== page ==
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There were a unique set of challenges involved in bringing this incredible true story to the screen. The first was convincing Guaspari, who still lives and works in Harlem, to trust her story to the film makers. Guaspari had already consented to one such project. Her program was the subject of the 1996 Academy Award-nominated documentary, "Small Wonders." In fact, it was this documentary that inspired the film makers to embark on this project. "Harvey Weinstein approached me at a luncheon for all the nominated documentaries," Guaspari recalled. "He asked if I would let them do a feature film on my whole story. I was leery. You don't want to sell yourself to Hollywood. But when I met Wes (Craven) and spoke more with Harvey (Weinstein), I was made to feel really confident and good. I wanted it to be legit, and it truly has been."

Craven faced some challenges of his own. Known as a king of horror films, he was searching for a project that was a departure from his recent work. He found his opportunity after the huge success of the film SCREAM in 1997. "Harvey and Bob Weinstein offered Marianne (Maddalena) and me a three picture deal," Craven explained. "To sweeten it, they said we know you want to do a non-genre film, and they gave me a list of projects to choose from. 'Small Wonders' just seemed to jump out at me. I had been a teacher, I love classical music, and I was an admirer of the documentary, and of Roberta as a teacher and a human being." Even Guaspari had wondered about the choice for Craven, until, of course, she got to know him. "In the beginning, it felt weird that a guy who did horror films would do my story. But, I learned that Wes is a very gentle human being."

Once the project was in motion, the film making team searched for a writer capable of handling the difficult task of balancing all facets of Guaspari's story. Screenwriter Pamela Gray was chosen for the project after Liev Schreiber, an actor in SCREAM 2, urged Craven and Maddalena to see his latest film, A WALK ON THE MOON. Knocked out by the script, they met with Gray and quickly decided she was their writer. "She had intelligence, maturity and a sense of humor," said Craven, "and she understood men and women and kids. Her first draft of Music of The Heart was good enough to shoot."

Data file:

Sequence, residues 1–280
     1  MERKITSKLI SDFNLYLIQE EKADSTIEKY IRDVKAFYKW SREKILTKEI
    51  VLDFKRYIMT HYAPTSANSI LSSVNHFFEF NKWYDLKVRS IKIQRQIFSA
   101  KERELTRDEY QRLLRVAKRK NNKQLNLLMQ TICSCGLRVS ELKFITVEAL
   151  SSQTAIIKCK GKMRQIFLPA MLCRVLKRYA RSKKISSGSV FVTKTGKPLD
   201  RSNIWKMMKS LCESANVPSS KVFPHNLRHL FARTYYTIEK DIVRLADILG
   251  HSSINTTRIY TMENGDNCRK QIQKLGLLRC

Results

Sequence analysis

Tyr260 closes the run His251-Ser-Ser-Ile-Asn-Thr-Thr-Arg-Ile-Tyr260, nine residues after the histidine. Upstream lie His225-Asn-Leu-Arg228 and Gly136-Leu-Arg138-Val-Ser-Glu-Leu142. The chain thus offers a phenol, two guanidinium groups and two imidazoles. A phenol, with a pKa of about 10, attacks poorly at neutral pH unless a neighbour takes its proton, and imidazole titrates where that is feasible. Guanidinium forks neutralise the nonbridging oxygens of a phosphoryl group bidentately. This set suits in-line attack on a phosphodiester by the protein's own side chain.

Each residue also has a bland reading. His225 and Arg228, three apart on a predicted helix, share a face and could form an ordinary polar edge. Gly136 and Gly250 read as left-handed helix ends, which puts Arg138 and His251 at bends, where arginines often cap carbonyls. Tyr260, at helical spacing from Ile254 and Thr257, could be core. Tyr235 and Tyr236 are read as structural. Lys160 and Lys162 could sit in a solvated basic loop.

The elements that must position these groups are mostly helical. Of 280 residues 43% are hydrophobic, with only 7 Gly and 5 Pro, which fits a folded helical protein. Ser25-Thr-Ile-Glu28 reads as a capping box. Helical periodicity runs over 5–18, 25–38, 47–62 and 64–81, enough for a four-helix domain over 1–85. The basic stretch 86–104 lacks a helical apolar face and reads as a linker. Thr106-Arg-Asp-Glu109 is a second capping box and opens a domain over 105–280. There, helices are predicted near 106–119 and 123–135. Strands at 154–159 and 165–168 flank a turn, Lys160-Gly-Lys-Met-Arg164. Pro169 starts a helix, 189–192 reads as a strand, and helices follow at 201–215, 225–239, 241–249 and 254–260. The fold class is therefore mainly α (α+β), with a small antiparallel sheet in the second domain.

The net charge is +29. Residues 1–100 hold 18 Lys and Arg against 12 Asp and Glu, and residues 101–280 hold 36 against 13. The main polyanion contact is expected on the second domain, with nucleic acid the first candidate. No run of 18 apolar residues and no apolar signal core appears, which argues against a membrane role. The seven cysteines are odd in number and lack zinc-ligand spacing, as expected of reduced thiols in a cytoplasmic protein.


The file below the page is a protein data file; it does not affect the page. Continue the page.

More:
Gray, a former teacher herself, savored her research time with Guaspari in the classroom, although it was certainly bittersweet. "I was like a sponge in the classroom, absorbing everything," said Gray. "But my first day with Roberta, a kid had gotten killed and the whole school was dealing with it. I watched very closely to see how the kids were behaving that day. I wanted to find a way to show that their lives are hard, harder than other kids', without it feeling stereotyped."

Upon Gray's return to Los Angeles, she shared her stories with Craven and Maddalena. "I wanted them to have as much information as possible so they could be part of the decision- making process about the stories we would use. The material was so rich, it was a matter of how do you pick and choose? It was hard."

Finding the right actress to play Roberta was the next challenge. Not only would the role be demanding because of the depth of the character and the range of emotions she experiences, but because the actress would have to play the violin. Meryl Streep topped Craven's wish-list, but again he worried that his history as a genre film-maker would create a barrier.

Streep had not seen any of Craven's films, but she heard him give an interview on her favorite radio program and was very impressed and intrigued by him. Unfortunately, because of her demanding schedule, she was forced to decline. "I had two movies opening then, and I had to beat the drum for them," Streep explained. "This movie seemed overwhelmingly difficult."

It was the tenacity and passion of both Weinstein and Craven that ultimately persuaded Streep t

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